As soon as she felt her strength returning, she decided, against the doctor's orders, to return to Italy, so as to die, she said, in her own community. The Sisters had been heartbroken but, reassured by Don Bosco, who had been to see her, that she would not suffer by it, they acceded to her wishes. Mother had decided to make the journey in short stages. With two companions she had started that morning and would remain at Nice-on-the-Sea for a few days and then proceed to cross the Italian border.

While the Sisters outside hustled about their task, stealing every moment they could for a quick prayer in the chapel for their Mother, their frail patient remained in her room, trying to recover her strength. By good fortune, Don Bosco had just arrived a few hours before her. Knowing of her presence, he went to call on her.

In that little room the two Saints faced each other for the last time. St. John Bosco, sixty years old, looking tired and a little stooped at the shoulders, smiled upon the drawn features of this forty-two year-old woman who had been God's chosen instrument to fulfill a great part of his apostolate for youth. Their names, he knew, would forever be linked together. Now their hearts beat in unison, and their thoughts ran along the same channel, only seeking God's will and endeavoring to burn out their last energies in a flaming holocaust to Him.

"Father," asked Mother Mazzarello, "will I ever recover?"
After a moment's pause, the priest ran his fingers through his bushy hair.

"Mother," he said diplomatically, "I want to tell you a story. Once Death decided to pay a call to a convent. 'Come with me, Sister,' he said to the portress as she opened the door. 'Oh, but I cannot,' the Sister responded. 'There is no one to take my place, and the convent must have a portress.' Death crossed the threshold and stalked through the convent halls. His order was the same for everyone he met: 'Come with me!' The response was invariably: 'I cannot! I have so much work to do!' Finally Death knocked at the door of the Superior's room. 'Come with me,' he announced. 'I cannot!' was the startled reply. But Death would take no excuse. 'If no one else will come, you must!' he ordered, and taking her by the hand, he took her through the convent halls into the dark night"

The Saint stopped. Throughout the narrative, Mother Mazzarello had sat perfectly still, her head bowed, her hands folded on her lap. Now she looked up at Don Bosco, smiling at his delicate handling of a difficult task. The priest arose. How great a woman was this who could not even rise from her chair! He had not been mistaken when he had chosen her years ago to be the cornerstone of the new community of Sisters, a complement to his own Congregation. Now, as then, she was still the guileless, humble, self-effacing peasant who considered it her greatest privilege to be God's little girl, to do the lowliest tasks for Him, and to rest confident in His all-embracing love. Here was no worry, no struggle to live, but just peace and holiness that so radiated from her sparkling eyes and imparted a delicate touch of beauty about her pale features. He blessed her, knowing that from her, too, a blessing flowed into him and into the house that sheltered her. Slowly he turned around and left the room. Mother Mazzarello was still smiling, fingering her Rosary.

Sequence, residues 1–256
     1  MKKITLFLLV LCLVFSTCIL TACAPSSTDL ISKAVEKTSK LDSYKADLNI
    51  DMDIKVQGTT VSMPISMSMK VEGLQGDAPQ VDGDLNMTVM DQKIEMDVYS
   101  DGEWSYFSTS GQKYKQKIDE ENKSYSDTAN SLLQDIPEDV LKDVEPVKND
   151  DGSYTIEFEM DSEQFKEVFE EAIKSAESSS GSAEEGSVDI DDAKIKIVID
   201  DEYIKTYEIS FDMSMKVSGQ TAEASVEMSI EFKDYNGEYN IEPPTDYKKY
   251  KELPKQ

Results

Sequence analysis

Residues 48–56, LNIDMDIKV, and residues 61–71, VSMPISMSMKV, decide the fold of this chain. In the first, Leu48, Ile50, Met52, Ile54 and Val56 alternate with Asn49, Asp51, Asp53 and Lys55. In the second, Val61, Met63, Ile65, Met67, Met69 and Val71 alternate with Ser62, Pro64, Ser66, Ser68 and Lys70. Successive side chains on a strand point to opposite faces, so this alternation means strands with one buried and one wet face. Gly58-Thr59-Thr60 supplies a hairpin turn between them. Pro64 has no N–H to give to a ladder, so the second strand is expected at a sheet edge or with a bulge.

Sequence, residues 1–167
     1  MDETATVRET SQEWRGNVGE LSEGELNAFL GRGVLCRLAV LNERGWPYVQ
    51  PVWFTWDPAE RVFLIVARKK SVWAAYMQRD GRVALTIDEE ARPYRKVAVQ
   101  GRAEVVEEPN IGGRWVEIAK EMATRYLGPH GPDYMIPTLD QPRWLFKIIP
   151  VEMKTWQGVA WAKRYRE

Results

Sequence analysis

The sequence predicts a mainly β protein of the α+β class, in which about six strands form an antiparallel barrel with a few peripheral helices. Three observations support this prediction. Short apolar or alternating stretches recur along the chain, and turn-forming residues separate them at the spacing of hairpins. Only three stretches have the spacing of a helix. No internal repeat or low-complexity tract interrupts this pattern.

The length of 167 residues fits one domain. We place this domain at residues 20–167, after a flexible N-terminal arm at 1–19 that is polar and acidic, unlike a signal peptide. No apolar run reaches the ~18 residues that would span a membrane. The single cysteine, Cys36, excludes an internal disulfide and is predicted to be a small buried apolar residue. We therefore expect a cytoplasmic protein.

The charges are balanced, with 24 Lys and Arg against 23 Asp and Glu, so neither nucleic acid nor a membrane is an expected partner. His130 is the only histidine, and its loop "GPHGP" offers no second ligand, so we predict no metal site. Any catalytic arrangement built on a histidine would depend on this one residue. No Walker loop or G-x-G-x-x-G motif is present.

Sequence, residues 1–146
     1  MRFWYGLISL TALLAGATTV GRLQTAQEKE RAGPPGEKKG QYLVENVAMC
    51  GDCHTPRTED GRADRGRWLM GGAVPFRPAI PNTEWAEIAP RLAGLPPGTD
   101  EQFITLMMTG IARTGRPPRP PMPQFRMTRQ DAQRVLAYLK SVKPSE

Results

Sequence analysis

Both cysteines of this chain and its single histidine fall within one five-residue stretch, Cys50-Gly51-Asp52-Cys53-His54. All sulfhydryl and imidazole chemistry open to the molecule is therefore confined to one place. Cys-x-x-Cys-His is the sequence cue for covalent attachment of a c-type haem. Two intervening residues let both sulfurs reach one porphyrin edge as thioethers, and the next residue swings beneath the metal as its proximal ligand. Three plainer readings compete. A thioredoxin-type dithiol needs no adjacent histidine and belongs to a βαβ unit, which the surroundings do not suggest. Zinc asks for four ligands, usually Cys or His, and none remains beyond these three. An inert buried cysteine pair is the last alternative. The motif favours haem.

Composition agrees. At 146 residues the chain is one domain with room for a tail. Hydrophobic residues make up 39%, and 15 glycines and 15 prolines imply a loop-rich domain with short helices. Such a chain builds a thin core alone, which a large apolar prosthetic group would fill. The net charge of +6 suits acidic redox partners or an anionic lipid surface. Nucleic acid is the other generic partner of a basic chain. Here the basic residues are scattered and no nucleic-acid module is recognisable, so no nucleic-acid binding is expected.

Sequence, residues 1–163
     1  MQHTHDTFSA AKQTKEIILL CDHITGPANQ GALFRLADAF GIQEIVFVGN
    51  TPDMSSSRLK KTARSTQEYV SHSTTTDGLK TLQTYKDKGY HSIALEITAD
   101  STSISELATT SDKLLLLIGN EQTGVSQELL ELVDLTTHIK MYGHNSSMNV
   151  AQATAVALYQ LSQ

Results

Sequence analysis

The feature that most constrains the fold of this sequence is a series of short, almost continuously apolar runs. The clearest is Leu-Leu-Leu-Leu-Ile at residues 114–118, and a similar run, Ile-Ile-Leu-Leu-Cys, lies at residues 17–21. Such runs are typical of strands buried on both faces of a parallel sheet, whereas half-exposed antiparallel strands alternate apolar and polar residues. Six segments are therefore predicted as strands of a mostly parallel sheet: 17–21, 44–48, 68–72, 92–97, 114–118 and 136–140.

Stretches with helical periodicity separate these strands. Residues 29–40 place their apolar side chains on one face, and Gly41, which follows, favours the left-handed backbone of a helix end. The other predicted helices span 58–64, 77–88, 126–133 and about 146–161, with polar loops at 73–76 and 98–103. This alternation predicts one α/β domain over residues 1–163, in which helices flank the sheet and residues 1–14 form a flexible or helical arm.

Come, Bride of Christ

Exhausted and feverish, Mary Mazzarello arrived at Mornese in early April. After a few days rest in her invigorating native air, enjoying the new burst of life that made Mornese with its vineyards and hillsides a veritable garden, she felt much stronger and got up from bed maintaining that she was no exception in the house and had to do her work along with the other Sisters. For several days she stubbornly followed the routine of the community, rigorous in its demands for a sickly convalescent till, finally, her resistance broke down and she collapsed. The doctor analyzed it as a relapse into pleurisy and recommended absolute rest.

But Mother Mazzarello knew her days were numbered: Death was knocking at the door of the Superior. There was little time to lose now, and she used every moment in prayers or in the care of Sisters, the needs of the houses, and the individual problems of those who daily came to her with their troubles. To all, she was ever the considerate sympathetic mother, hiding her own pain in solicitous regard for her daughters giving her undivided attention to every detail.